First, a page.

A money transmitter is a person or business entity that transmits money by means of a transmittal instrument for a fee or other consideration. Also known as a Money Services Business (MSB).
Money Transmitter Acts
The Money Transmitter Act (Act 129) became effective on January 2, 2017. Act 129
Federal Government Principles on Responding to Cyber Incidents
A Presidential Policy Directive (PPD-41) released on July 26, 2016, sets forth principles governing the federal government’s response to any cyber incident, whether involving government or private sector entities. For significant cyber incidents, PPD-41 also establishes lead federal agencies and an architecture for coordinating the broader federal government response. Learn more: http://bit.ly/2aeAUtZ
Advisory to Nonprofit and Religious Communities About Unlicensed Money Transmitters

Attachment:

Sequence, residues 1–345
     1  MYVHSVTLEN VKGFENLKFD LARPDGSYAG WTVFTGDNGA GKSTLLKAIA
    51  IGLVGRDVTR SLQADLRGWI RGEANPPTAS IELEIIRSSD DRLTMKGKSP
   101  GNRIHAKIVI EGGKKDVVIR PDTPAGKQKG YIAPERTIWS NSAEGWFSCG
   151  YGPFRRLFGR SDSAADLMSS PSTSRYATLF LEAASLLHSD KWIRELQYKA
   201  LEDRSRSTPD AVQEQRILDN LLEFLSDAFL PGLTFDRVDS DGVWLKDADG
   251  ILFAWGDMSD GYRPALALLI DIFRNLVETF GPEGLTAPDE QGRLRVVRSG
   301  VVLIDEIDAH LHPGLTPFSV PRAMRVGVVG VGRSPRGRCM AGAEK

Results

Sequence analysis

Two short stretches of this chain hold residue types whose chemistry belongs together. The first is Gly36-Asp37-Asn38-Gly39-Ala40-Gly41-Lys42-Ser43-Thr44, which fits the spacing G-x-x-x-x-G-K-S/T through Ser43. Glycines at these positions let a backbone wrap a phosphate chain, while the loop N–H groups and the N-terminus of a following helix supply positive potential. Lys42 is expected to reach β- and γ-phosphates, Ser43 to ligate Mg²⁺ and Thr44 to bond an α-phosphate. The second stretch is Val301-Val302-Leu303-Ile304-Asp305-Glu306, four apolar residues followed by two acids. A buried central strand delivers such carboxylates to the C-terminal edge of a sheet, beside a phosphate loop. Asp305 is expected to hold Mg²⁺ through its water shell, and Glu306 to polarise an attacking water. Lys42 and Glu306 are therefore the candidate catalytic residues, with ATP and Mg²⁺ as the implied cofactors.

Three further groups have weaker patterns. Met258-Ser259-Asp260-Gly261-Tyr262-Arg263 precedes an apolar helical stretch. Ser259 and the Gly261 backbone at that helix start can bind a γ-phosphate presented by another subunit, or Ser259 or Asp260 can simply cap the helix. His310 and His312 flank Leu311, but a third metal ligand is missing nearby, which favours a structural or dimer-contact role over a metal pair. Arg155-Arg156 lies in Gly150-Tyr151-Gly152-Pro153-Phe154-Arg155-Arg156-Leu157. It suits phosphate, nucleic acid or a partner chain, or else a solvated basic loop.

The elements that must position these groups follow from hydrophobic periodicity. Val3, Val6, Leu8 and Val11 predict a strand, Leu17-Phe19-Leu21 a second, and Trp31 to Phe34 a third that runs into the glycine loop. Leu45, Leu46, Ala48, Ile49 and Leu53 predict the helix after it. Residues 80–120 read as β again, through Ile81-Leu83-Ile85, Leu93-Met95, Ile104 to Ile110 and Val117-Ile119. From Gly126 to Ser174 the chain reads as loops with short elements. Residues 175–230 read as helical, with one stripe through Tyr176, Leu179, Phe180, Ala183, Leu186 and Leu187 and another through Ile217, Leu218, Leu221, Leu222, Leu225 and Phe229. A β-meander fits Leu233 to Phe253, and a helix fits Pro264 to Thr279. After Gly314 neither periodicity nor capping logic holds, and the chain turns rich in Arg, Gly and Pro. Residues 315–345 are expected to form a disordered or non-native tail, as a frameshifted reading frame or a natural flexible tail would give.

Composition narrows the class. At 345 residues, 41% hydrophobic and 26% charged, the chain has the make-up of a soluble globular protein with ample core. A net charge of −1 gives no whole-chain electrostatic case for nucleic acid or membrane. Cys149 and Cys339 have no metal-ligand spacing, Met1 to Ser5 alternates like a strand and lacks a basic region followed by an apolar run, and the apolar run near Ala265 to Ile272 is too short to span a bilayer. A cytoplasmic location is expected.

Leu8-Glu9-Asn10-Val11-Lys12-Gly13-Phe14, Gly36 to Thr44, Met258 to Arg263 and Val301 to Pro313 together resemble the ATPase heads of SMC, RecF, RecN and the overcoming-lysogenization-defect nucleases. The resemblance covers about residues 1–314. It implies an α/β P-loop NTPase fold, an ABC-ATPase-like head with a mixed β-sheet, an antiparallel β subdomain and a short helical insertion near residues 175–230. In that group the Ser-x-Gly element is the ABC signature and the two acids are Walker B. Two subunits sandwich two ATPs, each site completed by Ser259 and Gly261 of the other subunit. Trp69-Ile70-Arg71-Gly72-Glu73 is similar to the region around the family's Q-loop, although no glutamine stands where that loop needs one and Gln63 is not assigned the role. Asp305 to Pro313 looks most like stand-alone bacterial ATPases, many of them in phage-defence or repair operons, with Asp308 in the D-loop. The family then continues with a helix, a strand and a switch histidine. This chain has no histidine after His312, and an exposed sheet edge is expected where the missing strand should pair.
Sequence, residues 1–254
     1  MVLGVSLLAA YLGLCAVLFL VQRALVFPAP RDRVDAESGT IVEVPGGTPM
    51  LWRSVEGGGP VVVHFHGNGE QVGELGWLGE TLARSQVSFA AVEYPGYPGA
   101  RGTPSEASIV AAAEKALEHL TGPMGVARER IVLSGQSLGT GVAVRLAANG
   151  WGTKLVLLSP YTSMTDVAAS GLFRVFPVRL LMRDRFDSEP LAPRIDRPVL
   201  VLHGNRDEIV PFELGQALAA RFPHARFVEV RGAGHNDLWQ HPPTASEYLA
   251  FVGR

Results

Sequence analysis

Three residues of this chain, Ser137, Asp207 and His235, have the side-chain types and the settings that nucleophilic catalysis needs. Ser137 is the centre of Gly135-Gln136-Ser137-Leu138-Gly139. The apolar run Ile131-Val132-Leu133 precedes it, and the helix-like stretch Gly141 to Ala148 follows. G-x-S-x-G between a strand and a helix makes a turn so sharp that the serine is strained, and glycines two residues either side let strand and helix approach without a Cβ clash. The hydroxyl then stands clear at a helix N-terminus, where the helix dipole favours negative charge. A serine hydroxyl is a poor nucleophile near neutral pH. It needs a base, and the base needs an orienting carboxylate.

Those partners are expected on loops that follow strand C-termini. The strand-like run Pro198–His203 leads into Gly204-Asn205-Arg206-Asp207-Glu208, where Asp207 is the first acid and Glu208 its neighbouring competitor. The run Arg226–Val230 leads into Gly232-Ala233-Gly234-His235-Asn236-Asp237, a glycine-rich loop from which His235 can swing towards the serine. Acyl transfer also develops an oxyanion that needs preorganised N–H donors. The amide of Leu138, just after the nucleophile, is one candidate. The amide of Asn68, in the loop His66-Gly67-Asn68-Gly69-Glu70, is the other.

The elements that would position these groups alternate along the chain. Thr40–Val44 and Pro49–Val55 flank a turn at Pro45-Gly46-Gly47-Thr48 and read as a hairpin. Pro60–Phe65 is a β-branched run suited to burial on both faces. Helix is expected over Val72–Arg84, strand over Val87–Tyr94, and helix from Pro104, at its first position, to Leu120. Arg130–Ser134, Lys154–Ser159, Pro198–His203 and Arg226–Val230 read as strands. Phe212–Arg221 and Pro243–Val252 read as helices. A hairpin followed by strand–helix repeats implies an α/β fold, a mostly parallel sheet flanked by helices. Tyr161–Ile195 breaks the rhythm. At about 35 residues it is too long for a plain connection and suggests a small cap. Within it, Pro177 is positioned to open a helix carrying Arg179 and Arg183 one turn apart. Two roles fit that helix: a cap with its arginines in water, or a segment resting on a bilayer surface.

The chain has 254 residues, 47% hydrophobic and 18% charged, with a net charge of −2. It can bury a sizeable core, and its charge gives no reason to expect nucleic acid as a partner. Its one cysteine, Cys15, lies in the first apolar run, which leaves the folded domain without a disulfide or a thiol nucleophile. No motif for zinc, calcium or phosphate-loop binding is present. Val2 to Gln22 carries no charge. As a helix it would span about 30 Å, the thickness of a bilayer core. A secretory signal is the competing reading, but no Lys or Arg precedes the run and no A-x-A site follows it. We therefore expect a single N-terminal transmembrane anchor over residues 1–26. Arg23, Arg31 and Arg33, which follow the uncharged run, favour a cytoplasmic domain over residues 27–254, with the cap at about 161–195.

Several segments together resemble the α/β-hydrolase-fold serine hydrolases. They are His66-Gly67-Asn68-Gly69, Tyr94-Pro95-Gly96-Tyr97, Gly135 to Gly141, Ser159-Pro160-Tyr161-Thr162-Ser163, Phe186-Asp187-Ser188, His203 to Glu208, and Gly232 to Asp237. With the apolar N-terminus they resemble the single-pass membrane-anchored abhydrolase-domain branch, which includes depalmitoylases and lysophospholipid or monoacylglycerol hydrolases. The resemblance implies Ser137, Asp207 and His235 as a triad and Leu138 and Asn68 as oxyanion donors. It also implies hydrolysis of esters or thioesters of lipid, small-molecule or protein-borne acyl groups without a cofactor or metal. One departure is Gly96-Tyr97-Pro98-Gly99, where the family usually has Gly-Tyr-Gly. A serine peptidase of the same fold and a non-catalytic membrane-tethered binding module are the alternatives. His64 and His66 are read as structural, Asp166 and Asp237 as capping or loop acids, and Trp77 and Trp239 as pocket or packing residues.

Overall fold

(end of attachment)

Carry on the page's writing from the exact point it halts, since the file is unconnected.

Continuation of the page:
Secretary of Banking and Securities Robin L. Wiessmann today issued an advisory to Pennsylvania’s nonprofit and religious communities about the possible risks to their organizations, members, and stakeholders through the use of unlicensed electronic payment service companies for the purpose of collecting charitable donations. Secretary’s letter [PDF]).
The Federal Financial Institutions Examination Council (FFIEC) members have issued a revised Management booklet, which is part of the FFIEC Information Technology Examination Handbook (IT Handbook). The IT Handbook is available here.
The Department of Banking and Securities uses NMLS
to manage money transmitters licensees. Through NMLS, your company will be able to apply for, amend and renew your license/registration authority conveniently and safely online. In order to use NMLS, current licensees must enter their company information onto NMLS by creating a base record and obtaining a unique company identifier.
Licensees should direct those who inquire about its license status to the NMLS Consumer Access website at www.nmlsconsumeraccess.org